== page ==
Items in AFP with MESH term: Severity of Illness Index
Screening for Chronic Obstructive Pulmonary Disease Using Spriometry - Putting Prevention into Practice
ABSTRACT: The Expert Panel Report 3 of the National Asthma Education and Prevention Program represents a major advance in the approach to asthma care by emphasizing the monitoring of clinically relevant aspects of care and the importance of planned primary care, and by providing patients practical tools for self-management. Treatment of asthma should be guided by a new system of classification that assesses severity at initial evaluation and control at all subsequent visits. Asthma severity is determined by current impairment (as evidenced by impact on day-to-day activities) and risk of future exacerbations (as evidenced by frequency of oral systemic corticosteroid use), and allows categorization of disease as intermittent, persistent-mild, persistent-moderate, and persistent-severe. Initial treatment is guided by the disease-severity category. The degree of control is also determined by the analysis of current impairment and future risk. Validated questionnaires can be used for following the impairment domain of control with patients whose asthma is categorized as "well controlled," "not well controlled," and "very poorly controlled." Decisions about medication adjustment and planned follow-up are based on the category of disease control. Whereas a stepwise approach for asthma management continues to be recommended, the number of possible steps has increased.
The New Asthma Guidelines - Editorials
Is the San Francisco Syncope Rule Reliable? - AFP Journal Club
ABSTRACT: The most useful individual signs for identifying dehydration in children are prolonged capillary refill time, abnormal skin turgor, and abnormal respiratory pattern. However, clinical dehydration scales based on a combination of physical examination findings are better predictors than individual signs. Oral rehydration therapy is the preferred treatment of mild to moderate dehydration caused by diarrhea in children. Appropriate oral rehydration therapy is as effective as intravenous fluid in managing fluid and electrolyte losses and has many advantages. Goals of oral rehydration therapy are restoration of circulating blood volume, restoration of interstitial fluid volume, and maintenance of rehydration. When rehydration is achieved, a normal age-appropriate diet should be initiated.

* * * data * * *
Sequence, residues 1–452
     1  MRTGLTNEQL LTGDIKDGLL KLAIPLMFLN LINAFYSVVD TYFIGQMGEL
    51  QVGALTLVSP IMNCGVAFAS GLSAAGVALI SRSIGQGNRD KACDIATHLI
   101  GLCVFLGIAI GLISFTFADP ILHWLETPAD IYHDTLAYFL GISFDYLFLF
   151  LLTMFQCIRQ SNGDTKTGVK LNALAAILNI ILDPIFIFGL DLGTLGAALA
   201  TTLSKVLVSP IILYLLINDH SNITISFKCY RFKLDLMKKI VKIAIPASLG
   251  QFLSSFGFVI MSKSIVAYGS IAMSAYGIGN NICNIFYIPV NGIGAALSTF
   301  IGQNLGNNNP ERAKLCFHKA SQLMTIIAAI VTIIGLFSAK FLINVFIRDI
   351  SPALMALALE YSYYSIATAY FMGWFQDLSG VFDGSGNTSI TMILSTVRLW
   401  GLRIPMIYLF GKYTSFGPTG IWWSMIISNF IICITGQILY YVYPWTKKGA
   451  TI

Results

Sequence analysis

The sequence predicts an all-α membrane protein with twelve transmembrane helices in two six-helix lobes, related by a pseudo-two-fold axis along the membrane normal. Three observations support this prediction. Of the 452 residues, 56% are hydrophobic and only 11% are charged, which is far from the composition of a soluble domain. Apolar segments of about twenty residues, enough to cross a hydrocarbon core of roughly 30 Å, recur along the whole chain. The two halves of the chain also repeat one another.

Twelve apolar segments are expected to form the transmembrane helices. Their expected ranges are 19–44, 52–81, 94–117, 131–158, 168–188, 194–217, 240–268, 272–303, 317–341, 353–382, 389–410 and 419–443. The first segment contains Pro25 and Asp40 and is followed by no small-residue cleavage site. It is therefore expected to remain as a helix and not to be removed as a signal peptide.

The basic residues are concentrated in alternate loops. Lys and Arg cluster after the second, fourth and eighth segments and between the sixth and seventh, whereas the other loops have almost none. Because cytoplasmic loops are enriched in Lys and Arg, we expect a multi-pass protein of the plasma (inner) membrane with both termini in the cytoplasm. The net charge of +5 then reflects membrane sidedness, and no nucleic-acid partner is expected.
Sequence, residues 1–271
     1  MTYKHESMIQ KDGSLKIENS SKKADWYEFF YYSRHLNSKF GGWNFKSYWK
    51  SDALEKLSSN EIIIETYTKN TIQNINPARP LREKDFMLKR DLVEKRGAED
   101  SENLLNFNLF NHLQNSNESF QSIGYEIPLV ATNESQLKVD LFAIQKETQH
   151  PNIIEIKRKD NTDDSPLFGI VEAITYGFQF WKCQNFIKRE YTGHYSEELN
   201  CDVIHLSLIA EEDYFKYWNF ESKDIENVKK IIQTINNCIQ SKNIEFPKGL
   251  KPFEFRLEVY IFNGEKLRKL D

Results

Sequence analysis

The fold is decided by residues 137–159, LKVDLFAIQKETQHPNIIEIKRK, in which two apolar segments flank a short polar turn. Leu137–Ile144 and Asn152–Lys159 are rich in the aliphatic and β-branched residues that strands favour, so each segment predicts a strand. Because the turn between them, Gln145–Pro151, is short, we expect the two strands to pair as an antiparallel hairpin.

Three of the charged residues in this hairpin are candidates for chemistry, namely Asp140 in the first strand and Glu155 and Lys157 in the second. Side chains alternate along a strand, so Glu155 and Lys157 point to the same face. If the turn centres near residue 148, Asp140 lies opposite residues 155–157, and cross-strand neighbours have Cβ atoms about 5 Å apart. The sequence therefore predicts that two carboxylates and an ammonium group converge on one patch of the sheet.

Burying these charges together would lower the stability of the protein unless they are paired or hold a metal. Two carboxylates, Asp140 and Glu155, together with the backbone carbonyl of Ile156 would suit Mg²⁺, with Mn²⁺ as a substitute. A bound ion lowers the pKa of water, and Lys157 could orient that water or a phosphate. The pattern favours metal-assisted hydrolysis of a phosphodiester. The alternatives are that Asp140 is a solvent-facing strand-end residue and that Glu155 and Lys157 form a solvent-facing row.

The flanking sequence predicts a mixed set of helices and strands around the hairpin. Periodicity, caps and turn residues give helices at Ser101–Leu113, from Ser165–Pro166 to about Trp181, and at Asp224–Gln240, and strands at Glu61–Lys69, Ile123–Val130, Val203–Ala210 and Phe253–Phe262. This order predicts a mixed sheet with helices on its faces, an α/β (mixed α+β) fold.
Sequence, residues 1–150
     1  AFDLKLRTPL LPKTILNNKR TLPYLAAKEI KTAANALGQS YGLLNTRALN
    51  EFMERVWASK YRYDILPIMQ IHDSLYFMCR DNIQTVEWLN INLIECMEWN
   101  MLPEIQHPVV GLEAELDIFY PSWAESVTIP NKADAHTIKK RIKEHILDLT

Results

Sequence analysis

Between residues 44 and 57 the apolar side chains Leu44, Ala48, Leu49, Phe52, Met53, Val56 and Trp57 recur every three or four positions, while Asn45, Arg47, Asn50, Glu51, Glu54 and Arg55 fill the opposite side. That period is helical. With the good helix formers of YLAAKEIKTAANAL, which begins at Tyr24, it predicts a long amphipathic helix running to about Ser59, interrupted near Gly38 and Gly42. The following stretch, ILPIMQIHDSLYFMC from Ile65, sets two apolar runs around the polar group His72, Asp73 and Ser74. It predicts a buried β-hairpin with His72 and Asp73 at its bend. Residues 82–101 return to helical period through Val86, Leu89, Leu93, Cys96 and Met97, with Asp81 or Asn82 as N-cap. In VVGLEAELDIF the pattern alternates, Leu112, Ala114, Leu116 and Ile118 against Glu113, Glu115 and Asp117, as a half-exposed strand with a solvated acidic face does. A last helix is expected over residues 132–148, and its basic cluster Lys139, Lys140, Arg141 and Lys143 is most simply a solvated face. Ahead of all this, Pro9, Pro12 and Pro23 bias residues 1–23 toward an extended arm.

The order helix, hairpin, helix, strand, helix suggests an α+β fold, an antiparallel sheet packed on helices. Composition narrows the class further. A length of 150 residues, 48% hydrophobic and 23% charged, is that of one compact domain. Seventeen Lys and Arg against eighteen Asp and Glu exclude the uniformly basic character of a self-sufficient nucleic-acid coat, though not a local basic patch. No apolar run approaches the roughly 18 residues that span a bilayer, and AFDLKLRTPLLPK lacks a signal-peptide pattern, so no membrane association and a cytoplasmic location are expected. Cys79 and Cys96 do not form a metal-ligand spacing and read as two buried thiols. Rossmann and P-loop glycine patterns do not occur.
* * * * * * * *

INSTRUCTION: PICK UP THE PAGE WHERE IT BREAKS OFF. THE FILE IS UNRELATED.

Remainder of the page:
ABSTRACT: Poorly controlled hypertension is a common finding in the outpatient setting. When patients present with severely elevated blood pressure (i.e., systolic blood pressure of 180 mm Hg or greater, or diastolic blood pressure of 110 mm Hg or greater), physicians need to differentiate hypertensive emergency from severely elevated blood pressure without signs or symptoms of end-organ damage (severe asymptomatic hypertension). Most patients who are asymptomatic but have poorly controlled hypertension do not have acute end-organ damage and, therefore, do not require immediate workup or treatment (within 24 hours). However, physicians should confirm blood pressure readings and appropriately classify the hypertensive state. A cardiovascular risk profile is important in guiding the treatment of severe asymptomatic hypertension; higher risk patients may benefit from more urgent and aggressive evaluation and treatment. Oral agents may be initiated before discharge, but intravenous medications and fast-acting oral agents should be reserved for true hypertensive emergencies. High blood pressure should be treated gradually. Appropriate, repeated follow-up over weeks to months is needed to reach desired blood pressure goals.
AHA Recommendations for the Management of Intracranial Aneurysms - Practice Guidelines
End-of-Life Care - Editorials
Disability Revisited - Curbside Consultation